June 14, 2014

This week in TV Guide: June 12, 1965

A while back we took a look at a TV Guide that included direct evidence of the viewing tastes of its owner, in the form of circled program listings.  Whether or not these shows were actually viewed, we have a pretty good idea of what the owner of this issue intended to watch that week.

We're got another example of that this week, and while the viewing choices aren't as widespread as they were in the previous issue, they're still worth looking at.  The mailing label on this issue is missing so we can't tell much about that owner (other than that he or she lived in the Twin Cities), but my suspicion is that they liked sports.

The week kicks off on Saturday, and there, in green ink, a box has been drawn around the pre-game show preceding the Minnesota Twins game against the Tigers in Detroit.  No surprise there; this is a magic year for the Twins, who lead the American League on the way to their first pennant and appearance in the World Series, where they'll lose a heart-breaking seventh game to Sandy Koufax and the Los Angeles Dodgers.*  That's a ways in the distance though, so we'll just enjoy the Twins on their ride to the top.

*Who are on ABC's Saturday Game of the Week, playing the hapless Mets in New York.


There's more Twins baseball on Sunday, the final game of the weekend series against Detroit, but before that we see another selection - this time the syndicated Harbor Command on KSTP, Channel 5.  (That series is out on DVD now, by the way, to mostly positive reviews.  Haven't seen it yet myself, but I may check it out one of these days.)  Then, at 10:30 that evening, there's not only a box but the word "See," referring to the Channel 4 late-night movie A Cry in the Dark, starring Edmond O'Brien, Brian Donlevy, Natalie Wood, Raymond Burr and Richard Anderson.  Burr and Anderson, of course, would later be reunited in Perry Mason.  But for now, Burr - as was his wont, back in the day - plays the heavy, kidnapping Wood and intending to have his way with her, but don't worry - Natalie eventually makes it home safely.  Had she known more about Ray Burr back then, she might not have worried as much.

The Twins are on again Tuesday night (accompanied by the note "7:30 Twins"), this time in Chicago to play the White Sox.  Following that, though, we're plunged into confusion - unless this household has multiple TVs, there might have been a battle over what show to watch.  Channel 11's late movie, following the Twins game, is Only the Valiant at 11:30pm.  The movie runs two hours, but that doesn't prevent our programmer from also circling the 12:15am movie on Channel 5, Apache Woman.  And for good measure, the program following that 11:30 Channel 11 movie, Adventure Theater, is highlighted as well.  My guess is that if Only the Valiant was any good, the Channel 11 schedule probably won out.  Otherwise, it gets the hook and Apache Woman takes the night.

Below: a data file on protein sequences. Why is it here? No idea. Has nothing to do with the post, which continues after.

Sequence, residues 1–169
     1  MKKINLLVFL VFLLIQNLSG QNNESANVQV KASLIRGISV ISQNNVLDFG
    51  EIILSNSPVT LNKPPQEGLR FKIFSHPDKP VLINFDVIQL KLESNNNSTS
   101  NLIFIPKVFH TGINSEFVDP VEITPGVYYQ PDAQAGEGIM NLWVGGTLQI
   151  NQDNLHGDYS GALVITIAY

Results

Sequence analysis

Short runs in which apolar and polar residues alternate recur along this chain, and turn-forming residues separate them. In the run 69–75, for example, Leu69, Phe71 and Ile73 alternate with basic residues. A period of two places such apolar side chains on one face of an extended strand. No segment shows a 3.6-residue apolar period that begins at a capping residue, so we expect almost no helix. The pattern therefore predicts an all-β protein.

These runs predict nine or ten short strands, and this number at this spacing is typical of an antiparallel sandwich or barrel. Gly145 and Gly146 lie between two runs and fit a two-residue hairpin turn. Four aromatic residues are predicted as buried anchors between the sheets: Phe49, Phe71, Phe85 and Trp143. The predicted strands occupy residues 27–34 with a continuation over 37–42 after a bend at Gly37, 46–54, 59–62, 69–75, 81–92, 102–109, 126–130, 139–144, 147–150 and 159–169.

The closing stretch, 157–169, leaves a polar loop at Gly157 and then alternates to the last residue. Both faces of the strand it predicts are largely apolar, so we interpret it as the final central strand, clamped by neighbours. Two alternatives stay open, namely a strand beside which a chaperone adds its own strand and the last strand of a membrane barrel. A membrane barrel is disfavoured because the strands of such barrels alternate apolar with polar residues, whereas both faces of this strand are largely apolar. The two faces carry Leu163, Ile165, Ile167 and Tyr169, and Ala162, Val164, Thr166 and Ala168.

Unfortunately, even though there's another Twins-Chicago game the following night, and the first of a weekend series against the Yankees on Friday, this is where the notes end.  Maybe the owner got sick and didn't get to the rest of the week; perhaps there was a vacation upcoming, with no need to circle shows after Tuesday.  Hard to say.  But I'm sorry they stopped, whoever they were - it's fun looking back at what I might have watched back then, but even more fun to see the viewing habits of others.

***

During the 60s, the Ed Sullivan Show and The Hollywood Palace were the premiere variety shows on television. Whenever they appear in TV Guide together, we'll match them up and see who has the best lineup..

Palace:  We’re in the rerun zone at the Palace this week, with host Arthur Godfrey welcoming comedian Shelley Berman; songstress Dorothy Collins; singer John Gary; the comedy team of Gaylord and Holiday; Dwight Moore and His Mongrels; juggler Eva Vidos; and the Dalrays, comic acrobats.

Sullivan:  Ed's live this week, with comedian Sid Caesar; comics Allen and Rossi; French pop singer Jean Paul Vignon; British rock 'n' roller Tom Jones; comic London Lee; singer Dee Dee Sharpe; the Seekers, folk singers; and the Wychwoods, an illusionist act which uses 14 trained poodles.